Sign up for ESPN+ right here, and you can then stream the UFC live on your smart TV, computer, phone, tablet or streaming device via the ESPN app.
Ciryl Gane’s approach was undeniably effective, but it lacked the wow factor for which many had hoped.
The impressive Frenchman kept his perfect professional record intact and moved another step closer to a shot at the Ultimate Fighting Championship heavyweight title with a tepid unanimous decision over Jairzinho Rozenstruik in the UFC Fight Night 186 headliner on Saturday in Las Vegas. All three cageside judges saw it the same: 50-45 for Gane (8-0, 5-0 UFC).
Rozenstruik (11-2, 5-2 UFC) struggled to pull the trigger for five full rounds, one of his cornermen slapping the canvas in frustration at one point in the middle of the fight. Perhaps the most compelling exchange between the two heavyweight contenders took place in the second round, where Gane tossed “Bigi Boi” off-balance and briefly threatened with a standing rear-naked choke before releasing his grip and retreating to the safety of open space. Gane was otherwise content to play matador on the outside, and he did so brilliantly. He switched stances throughout the 25-minute encounter, piled up points with jabs from both hands and darted in and out of danger, avoiding Rozenstruik’s notoriously heavy hands.
Burgeoning Ankalaev Stymies Krylov
Akhmat Fight Team star Magomed Ankalaev extended his latest winning streak to six fights with a unanimous decision over former Fight Nights Global champion Nikita Krylov in the three-round light heavyweight co-main event. Ankalaev (15-1, 6-1 UFC) swept the scorecards with 29-28 marks from all three judges.
Krylov (27-8, 8-6 UFC) enjoyed some initial success in the first round, where he dragged his counterpart to the canvas and later cracked him with punch-kick combinations. However, Ankalaev remained resolute with his approach, pushed the Ukrainian backward and grinded away in close quarters. The 28-year-old executed takedowns in the second and third rounds, applied steady ground-and-pound and employed a suffocating clinch whenever they returned to their feet.
The setback was Krylov’s third in five outings.
De La Rosa, Silva Battle to Draw
“The Ultimate Fighter 26” quarterfinalist Montana De La Rosa and Chute Boxe’s Mayra Bueno Silva fought to a majority draw in their three-round women’s flyweight feature. Judge Eric Colon scored it 28-27 for Silva, while Derek Clear and Sal D’Amato each saw it 28-28.
Referee Jerin Valel took a point from Silva (7-1-1, 2-1-1 UFC) for a blatant fence grab in the first round, providing the difference on the scorecards.
De La Rosa (11-6-1, 4-2-1 UFC) could not match the Brazilian’s firepower, but she answered with a dogged clinch game and a relentless pursuit of takedowns. The Elevation Fight Team rep did her best work late in Round 2, where she grounded Silva, climbed to mount and threatened with an arm-triangle choke. Those efforts fell short. Silva responded with brutal close-range knee and elbow strikes that resulted in significant damage to the American’s left eye and nose.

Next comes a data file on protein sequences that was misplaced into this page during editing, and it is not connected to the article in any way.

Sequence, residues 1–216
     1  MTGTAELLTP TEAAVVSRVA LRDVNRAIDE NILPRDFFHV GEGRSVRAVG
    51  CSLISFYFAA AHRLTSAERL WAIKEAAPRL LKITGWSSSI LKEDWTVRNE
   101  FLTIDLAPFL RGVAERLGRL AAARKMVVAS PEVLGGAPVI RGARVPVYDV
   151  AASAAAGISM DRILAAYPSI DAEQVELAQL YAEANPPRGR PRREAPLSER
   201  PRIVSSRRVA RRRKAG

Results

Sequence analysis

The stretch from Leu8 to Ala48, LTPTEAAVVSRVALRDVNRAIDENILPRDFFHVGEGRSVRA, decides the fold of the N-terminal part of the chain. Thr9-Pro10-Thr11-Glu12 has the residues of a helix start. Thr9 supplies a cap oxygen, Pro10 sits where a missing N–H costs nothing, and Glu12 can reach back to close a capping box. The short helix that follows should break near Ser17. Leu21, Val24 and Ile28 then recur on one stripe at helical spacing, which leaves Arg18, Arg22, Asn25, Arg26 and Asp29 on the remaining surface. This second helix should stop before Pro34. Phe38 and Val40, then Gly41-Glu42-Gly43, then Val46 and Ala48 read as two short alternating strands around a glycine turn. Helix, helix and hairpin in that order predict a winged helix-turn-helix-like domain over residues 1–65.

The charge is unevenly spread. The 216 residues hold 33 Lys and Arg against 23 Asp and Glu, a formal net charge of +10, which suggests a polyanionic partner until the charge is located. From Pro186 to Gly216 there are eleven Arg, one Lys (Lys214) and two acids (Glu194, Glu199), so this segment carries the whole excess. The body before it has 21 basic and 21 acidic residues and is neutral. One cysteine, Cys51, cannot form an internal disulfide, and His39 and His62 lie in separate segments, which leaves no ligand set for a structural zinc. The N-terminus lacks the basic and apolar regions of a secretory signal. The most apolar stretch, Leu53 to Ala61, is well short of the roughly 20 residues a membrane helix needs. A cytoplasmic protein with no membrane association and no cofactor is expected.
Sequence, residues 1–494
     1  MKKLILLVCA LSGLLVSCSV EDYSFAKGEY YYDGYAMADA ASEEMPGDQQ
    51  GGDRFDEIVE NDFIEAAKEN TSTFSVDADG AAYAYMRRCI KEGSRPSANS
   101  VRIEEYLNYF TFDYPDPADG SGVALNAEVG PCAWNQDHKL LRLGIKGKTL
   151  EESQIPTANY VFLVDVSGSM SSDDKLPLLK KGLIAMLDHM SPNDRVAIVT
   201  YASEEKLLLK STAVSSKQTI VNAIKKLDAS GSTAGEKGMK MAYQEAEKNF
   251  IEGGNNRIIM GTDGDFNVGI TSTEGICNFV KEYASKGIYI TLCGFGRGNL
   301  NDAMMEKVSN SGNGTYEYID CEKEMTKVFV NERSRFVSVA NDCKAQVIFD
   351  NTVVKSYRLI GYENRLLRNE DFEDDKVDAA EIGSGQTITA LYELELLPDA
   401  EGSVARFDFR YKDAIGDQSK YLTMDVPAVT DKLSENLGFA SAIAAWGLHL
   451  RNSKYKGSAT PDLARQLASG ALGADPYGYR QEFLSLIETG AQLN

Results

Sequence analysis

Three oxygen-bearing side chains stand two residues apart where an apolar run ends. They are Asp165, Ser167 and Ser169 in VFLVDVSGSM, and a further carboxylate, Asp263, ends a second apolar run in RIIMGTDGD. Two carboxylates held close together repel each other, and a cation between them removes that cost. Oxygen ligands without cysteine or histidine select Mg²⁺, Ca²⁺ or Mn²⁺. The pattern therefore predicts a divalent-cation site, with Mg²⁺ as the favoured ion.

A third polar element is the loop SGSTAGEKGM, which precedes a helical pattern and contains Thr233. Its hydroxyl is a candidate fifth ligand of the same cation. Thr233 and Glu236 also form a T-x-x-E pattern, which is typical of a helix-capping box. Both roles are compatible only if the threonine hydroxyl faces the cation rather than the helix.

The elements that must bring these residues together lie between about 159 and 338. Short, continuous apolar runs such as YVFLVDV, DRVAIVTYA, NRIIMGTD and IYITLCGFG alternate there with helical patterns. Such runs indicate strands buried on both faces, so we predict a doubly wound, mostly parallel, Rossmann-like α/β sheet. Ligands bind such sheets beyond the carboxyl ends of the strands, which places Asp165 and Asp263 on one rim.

Munhoz Avenges Rivera Loss
American Top Team export Pedro Munhoz put the brakes on a two-fight losing streak and avenged a 2015 defeat to Jimmie Rivera, as he took a unanimous decision from the former Cage Fury Fighting Championships, King of the Cage and Ring of Combat titleholder in their long-awaited rematch at 135 pounds. All three judges scored it for Munhoz (19-5, 9-5 UFC): 30-27, 30-27 and 29-28.
Calf kicks were the difference. Munhoz targeted the lower leg with a fervent ferocity, compromising his opponent’s base inside the first five minutes and forcing him to rethink his approach. Rivera (23-5, 7-4 UFC) cut loose with power punching combinations to the head and body but failed to move his lower extremities out of harm’s way, paying a steep price with each kick he absorbed. He switched stances late in the bout, but by then, the deficit was too great to overcome.
Rivera, 31, has lost three times in his past four appearances.
Caceres Aces Croom Test
Precision punches, sublime takedown defense and superior conditioning carried “The Ultimate Fighter” Season 12 quarterfinalist Alex Caceres to a unanimous decision over Kevin Croom in a three-round featherweight showcase. Scores were 30-26, 30-26 and 30-27, all for Caceres (18-12, 13-10 UFC).
Croom (21-13, 0-1 UFC) whiffed on one takedown after another and bled his gas tank dry as a result. Caceres picked his shots on the feet and flexed his skills on the ground, threatening with a tight triangle choke in the second round. Croom survived but was visibly exhausted by the time the third round began. Caceres scrambled into top position, advanced to the back and secured his position with a body triangle before alternating rear-naked choke attempts with ground-and-pound.
Caceres has rattled off four straight victories, tying the longest such streak of his 12-year career. Continue Reading » UFC Fight Night 186 Prelims: Davis Denies Prospect Mazo
« Previous UFC Fight Night 186 ‘Rozenstruik vs. Gane’ Play-by-Play, Results & Round Scoring Next UFC Fight Night 186 Highlight Video: Ronnie Lawrence Overwhelms Vince Cachero »